Stock markets fell globally this week as weak data from China and Europe raised worries about slow global growth. Additionally, Federal Reserve Chairman Ben Bernanke sent ambiguous signals in Congress, hinting at a potential lessening of Fed asset purchases, aiding the sell-off.
Following is an economic review for the week May 20 - May 24, 2013.
Tuesday, May 21
Japanese Monetary Policy Statement:
Bank of Japan stood pat on its current monetary policy. The Bank announced that it will continue with quantitative and qualitative monetary easing, aiming to achieve price stability target of 2%, as long as it is necessary for maintaining that target in a stable manner.
Great Britain Consumer Price Index (CPI):
A weaker than expected data was released (2.4% vs. 2.6%). The outcome underpinned a dovish shift in investors' Bank of England policy outlook, weighing on the British Pound.
Wednesday, May 22
Canada Core Retail Sales:
Retail sales were flat in March, holding at $39.5 billion.
U.S. Existing Home Sales:
US sales of previously-owned homes rose to a three-and-a-half-year high in April in another sign of gathering momentum in the country's housing market recovery. Existing home sales rose 0.6% to a seasonally adjusted annual rate of 4.97 million, the most since November 2009.
Fed Chairman Bernanke Testified:
The market exploded out of the gate on his testimony, accelerating to new all-time highs. Bernanke told Congress that it's too soon for the central bank to let interest rates rise, saying the economy would face a "substantial risk" if the Fed tightened monetary policy. But once Bernanke started to pump the brakes and uttered the words, "On the other hand," markets turned on a dime and staged a noteworthy reversal.
Crude Oil Inventories:
Crude oil inventories fell 300,000 barrels to 384.6 million barrels, compared with a 600,000-barrel decline forecast by analysts. Oil futures extended their recent losses following the release of the report.
FOMC Meeting Minutes:
Fed minutes revealed more discussion about pulling back the reins on Quantitative Easing. A large number of FOMC participants were pushing to taper asset purchases as early as June, when the next meeting is scheduled. It was no surprise that the minutes released were less market-friendly and therefore, caused the sell-off to intensify.
Thursday, May 23
China Factory Orders:
China's factory activity shrank for the first time in seven months in May as new orders fell (HSBC Purchasing Managers' Index for May fell to 49.6, slipping under the 50-point level demarcating expansion from contraction) entrenching fears that its economic recovery has stalled and that a sharper cool down may be imminent. Asian stock markets fell after the report, with Nikkei plunging 7.3% — its biggest drop in two years.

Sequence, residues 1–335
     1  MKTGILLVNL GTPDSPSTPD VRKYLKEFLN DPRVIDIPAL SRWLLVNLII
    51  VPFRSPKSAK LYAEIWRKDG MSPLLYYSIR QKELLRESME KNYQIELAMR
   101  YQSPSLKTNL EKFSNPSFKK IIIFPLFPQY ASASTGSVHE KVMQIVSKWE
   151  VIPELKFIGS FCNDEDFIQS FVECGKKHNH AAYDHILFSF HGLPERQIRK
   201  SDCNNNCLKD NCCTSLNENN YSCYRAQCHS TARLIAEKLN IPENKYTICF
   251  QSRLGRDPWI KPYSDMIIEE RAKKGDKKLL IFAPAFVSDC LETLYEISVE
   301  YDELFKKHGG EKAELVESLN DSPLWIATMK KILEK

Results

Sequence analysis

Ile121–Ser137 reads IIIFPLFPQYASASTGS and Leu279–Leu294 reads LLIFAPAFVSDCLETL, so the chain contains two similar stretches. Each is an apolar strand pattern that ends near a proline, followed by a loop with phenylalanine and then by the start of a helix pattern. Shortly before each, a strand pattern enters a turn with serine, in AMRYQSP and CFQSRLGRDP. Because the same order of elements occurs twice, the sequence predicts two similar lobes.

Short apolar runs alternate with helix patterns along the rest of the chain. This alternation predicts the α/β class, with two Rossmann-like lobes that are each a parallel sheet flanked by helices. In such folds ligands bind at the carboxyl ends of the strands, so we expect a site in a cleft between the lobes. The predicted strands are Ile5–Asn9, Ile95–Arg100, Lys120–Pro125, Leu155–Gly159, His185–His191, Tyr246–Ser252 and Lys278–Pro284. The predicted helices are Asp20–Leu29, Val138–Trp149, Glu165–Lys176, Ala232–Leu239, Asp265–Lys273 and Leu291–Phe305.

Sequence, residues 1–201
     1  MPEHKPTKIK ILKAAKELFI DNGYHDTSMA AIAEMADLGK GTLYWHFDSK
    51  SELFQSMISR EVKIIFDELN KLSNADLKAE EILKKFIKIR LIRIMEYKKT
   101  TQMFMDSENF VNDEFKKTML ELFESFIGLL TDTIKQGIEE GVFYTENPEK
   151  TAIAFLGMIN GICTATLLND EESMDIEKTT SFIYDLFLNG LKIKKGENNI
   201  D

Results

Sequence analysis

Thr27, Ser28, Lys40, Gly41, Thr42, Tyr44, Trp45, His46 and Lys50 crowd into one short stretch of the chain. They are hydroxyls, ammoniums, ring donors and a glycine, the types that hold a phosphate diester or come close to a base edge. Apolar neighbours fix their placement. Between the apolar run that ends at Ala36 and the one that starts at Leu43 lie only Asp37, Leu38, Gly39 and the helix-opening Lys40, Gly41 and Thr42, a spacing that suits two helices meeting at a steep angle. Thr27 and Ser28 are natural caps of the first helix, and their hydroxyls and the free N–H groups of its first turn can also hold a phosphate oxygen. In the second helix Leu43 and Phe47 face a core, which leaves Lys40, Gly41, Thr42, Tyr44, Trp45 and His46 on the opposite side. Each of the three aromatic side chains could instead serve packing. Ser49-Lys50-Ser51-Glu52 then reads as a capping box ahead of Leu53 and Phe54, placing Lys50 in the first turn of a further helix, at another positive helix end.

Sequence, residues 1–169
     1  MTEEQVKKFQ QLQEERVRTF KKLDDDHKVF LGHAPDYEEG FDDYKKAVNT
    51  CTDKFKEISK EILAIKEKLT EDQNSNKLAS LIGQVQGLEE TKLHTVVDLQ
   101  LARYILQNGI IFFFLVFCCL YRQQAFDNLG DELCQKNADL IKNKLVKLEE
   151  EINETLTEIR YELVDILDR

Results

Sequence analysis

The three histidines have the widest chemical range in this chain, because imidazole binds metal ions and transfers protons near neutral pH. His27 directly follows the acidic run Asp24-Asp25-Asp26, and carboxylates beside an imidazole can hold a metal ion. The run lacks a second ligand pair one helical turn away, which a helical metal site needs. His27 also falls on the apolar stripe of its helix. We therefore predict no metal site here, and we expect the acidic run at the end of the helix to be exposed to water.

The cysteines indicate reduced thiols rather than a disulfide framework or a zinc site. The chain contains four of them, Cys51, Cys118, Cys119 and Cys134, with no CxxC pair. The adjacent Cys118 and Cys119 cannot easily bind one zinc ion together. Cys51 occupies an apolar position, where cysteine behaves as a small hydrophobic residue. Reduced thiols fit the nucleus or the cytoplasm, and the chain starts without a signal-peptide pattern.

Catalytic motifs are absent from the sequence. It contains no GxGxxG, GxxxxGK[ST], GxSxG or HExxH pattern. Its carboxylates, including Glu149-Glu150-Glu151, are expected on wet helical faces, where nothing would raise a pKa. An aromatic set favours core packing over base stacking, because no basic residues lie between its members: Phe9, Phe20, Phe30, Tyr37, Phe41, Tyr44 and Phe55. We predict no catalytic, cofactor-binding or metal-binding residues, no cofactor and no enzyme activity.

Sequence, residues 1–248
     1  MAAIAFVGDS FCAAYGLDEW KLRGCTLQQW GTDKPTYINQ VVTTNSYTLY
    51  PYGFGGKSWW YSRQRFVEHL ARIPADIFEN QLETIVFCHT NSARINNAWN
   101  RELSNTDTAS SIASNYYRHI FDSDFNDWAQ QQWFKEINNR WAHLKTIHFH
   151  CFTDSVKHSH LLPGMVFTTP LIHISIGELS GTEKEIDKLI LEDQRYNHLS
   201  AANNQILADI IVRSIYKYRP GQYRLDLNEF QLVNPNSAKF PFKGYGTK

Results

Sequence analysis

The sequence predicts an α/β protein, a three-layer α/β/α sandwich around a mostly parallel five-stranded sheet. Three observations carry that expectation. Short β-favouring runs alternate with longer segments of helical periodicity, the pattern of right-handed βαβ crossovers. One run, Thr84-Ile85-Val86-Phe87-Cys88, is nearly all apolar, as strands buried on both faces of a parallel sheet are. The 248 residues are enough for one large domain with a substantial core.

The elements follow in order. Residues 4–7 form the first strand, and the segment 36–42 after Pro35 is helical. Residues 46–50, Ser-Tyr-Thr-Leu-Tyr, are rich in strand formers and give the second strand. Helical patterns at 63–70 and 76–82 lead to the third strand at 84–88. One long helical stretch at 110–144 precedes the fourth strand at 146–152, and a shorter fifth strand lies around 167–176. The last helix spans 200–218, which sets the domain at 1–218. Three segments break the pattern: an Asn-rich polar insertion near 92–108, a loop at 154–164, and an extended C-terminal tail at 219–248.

German Flash Manufacturing PMI:
Preliminary German PMI Manufacturing increased to 49 points in May, from 48.1 points in April. The result came in above market consensus of 48.5 points.
Second Estimate GDP (q/q):
Second estimates of UK GDP supported the original signs that the economy grew more than forecast in the first three months of this year, but the breakdown suggested that the trend is unsustainable.
U.S. Unemployment Claims:
Unemployment claims fell more than expected (340K vs. 345K). An improving jobs market means that Quantitative Easing taper is now more likely to happen sooner than later, much to the dislike of the market.
New Home Sales:
New home sales rose in April to the second highest level since the summer of 2008 while the median price for a new home hit a record high — a further sign that housing is recovering. Sales of new single-family houses surged to an annual pace of 454,000, up 2.3% from March and 29% from a year earlier.The median sales price rose to $271,600, compared to an average of $256,200 for the first three months of the year.
Natural Gas Storage:
Natural gas prices jumped up after official data showed supplies rose less than expected last week. Inventories rose by 89 billion cubic feet, below expectations for an increase of 91 billion cubic feet, reflecting heightened demand.
ECB President's Speech:
Draghi's speech had a very optimistic tone. He said that three of the weakest Euro zone economies — Ireland, Spain and Portugal — had all made 'impressive' improvements in economic performance, mainly down to increased exports. And that the turnaround has been achieved despite the 'anemic' lending from banking. Draghi further added that the Euro as a currency has remained steady. '
Friday, May 24
Core Durable Goods Orders:
US core durable goods orders rose more-than-expected last month (1.3% vs. 0.5%)
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